Thomas Brett, Anglican Bishop & Primus.


    So much for your Church invisible!
     
  10. highchurchman

    highchurchman Well-Known Member Anglican

    Posts:
    683
    Likes Received:
    538
    Country:
    Britain
    Religion:
    Anglican/Catholic
    [/quote] "There were Anglican representatives at the synod who upheld the Dutch condemnation of Arminianism.[/quote]

    What does this mean in real terms, they were sent to Dort at the order of the King, James I. They did not represent the mind of the Church! Calvinist quarrels had no place in Anglican theology! Anglican theology depended solely , at that time, on Christ's Revelation & Councils.
    It's also interesting that most of the Anglican bishops who were interested in Calvinism repented and changed their minds when the horror of Calvinism became understood.
     
  11. highchurchman

    highchurchman Well-Known Member Anglican

    Posts:
    683
    Likes Received:
    538
    Country:
    Britain
    Religion:
    Anglican/Catholic
     
  12. Symphorian

    Symphorian Well-Known Member

    Posts:
    351
    Likes Received:
    517
    Country:
    UK
    Religion:
    Anglican, CofE
    I don't recall saying that it was.

    You may be pleased to know that the Decalogue is now also part of the Roman Liturgy in The Anglican Use and the Ordinariates.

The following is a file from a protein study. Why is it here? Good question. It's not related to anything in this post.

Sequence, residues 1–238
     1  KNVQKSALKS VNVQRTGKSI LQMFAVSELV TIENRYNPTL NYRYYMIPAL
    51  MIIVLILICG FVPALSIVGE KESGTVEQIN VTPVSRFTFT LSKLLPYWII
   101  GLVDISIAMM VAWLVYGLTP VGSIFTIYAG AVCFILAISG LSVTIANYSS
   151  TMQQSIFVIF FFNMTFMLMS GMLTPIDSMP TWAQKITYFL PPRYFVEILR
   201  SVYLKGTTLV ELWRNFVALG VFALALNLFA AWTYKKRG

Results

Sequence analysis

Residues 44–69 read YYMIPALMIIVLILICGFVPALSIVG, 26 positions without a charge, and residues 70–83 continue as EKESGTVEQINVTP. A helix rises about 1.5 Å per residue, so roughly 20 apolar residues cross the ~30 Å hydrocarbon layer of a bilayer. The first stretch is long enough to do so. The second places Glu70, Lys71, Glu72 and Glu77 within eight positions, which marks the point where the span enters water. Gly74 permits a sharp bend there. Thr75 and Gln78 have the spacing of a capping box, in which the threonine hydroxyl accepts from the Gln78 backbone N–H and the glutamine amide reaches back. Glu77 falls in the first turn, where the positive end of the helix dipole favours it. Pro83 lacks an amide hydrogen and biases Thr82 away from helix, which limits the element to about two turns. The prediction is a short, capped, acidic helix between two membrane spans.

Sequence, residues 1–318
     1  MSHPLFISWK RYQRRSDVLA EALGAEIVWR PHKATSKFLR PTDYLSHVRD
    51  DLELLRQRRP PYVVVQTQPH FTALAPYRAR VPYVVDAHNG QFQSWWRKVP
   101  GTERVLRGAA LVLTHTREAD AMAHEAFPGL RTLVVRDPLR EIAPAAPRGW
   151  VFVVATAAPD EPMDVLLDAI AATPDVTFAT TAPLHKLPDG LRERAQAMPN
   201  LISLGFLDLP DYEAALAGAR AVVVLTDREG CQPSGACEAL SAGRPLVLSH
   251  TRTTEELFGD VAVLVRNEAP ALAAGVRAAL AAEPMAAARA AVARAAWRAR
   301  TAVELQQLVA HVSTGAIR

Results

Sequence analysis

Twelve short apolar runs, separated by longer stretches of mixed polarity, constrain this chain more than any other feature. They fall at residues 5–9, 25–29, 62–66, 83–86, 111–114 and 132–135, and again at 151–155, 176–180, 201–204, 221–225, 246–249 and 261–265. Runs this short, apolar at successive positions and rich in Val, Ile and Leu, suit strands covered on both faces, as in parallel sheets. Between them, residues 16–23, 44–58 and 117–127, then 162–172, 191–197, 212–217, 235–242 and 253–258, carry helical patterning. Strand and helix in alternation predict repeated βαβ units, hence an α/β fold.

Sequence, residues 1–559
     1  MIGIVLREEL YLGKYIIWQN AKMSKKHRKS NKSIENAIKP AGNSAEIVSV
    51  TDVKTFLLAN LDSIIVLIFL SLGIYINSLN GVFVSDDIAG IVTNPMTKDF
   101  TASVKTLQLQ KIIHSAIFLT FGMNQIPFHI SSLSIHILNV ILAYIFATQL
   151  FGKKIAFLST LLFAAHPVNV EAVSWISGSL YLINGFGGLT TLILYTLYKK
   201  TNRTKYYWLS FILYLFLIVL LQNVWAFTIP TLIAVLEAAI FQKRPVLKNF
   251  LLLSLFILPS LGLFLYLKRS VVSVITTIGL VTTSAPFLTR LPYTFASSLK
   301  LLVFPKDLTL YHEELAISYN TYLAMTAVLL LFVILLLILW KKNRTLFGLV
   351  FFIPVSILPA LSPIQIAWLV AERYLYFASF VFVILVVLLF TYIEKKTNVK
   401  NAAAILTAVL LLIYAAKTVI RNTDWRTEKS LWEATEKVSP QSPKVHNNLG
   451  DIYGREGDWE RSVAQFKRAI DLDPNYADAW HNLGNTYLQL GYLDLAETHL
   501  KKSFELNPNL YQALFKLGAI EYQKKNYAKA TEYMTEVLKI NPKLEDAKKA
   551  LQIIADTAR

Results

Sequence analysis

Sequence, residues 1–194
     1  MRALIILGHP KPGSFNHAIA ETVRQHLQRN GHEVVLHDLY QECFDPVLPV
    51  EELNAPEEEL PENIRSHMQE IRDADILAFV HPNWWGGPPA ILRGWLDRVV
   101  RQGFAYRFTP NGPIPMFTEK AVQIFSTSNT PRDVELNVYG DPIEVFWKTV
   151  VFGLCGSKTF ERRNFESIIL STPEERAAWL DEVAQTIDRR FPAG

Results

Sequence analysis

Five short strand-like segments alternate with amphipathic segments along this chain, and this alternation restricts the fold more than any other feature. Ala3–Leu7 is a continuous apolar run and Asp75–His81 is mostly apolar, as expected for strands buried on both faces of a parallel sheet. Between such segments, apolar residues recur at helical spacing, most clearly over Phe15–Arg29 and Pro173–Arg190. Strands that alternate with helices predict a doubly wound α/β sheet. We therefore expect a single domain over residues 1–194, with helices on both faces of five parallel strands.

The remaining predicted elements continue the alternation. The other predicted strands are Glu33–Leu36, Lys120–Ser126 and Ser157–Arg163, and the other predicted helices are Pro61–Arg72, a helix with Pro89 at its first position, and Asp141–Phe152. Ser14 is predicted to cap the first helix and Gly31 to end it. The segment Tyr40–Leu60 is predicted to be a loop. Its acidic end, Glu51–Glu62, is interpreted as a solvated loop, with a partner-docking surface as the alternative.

That's something we can agree on. Apart from the Psalms, I don't need a Prayer Book in my hands to follow Mattins, Evensong or Holy Communion.
     
  13. highchurchman

    highchurchman Well-Known Member Anglican

    Posts:
    683
    Likes Received:
    538
    Country:
    Britain
    Religion:
    Anglican/Catholic
    During the Civil War, the calvinist element split, the gentry remained presbyterian , and the others became , i.e. Congregationalists, Baptists and possibly others. The Independants, who were free church, as it were, gained control of the army and these peace loving people took part in massacres both in England and in Ireland. They murdered both Welsh women at Naseby and Irish women in Ireland as well as men.
    If you'r going to comment study at least!
     
  14. Charlie J. Ray

    Charlie J. Ray Active Member

    Posts:
    159
    Likes Received:
    170
    Country:
    USA
    Religion:
    Anglican Reformed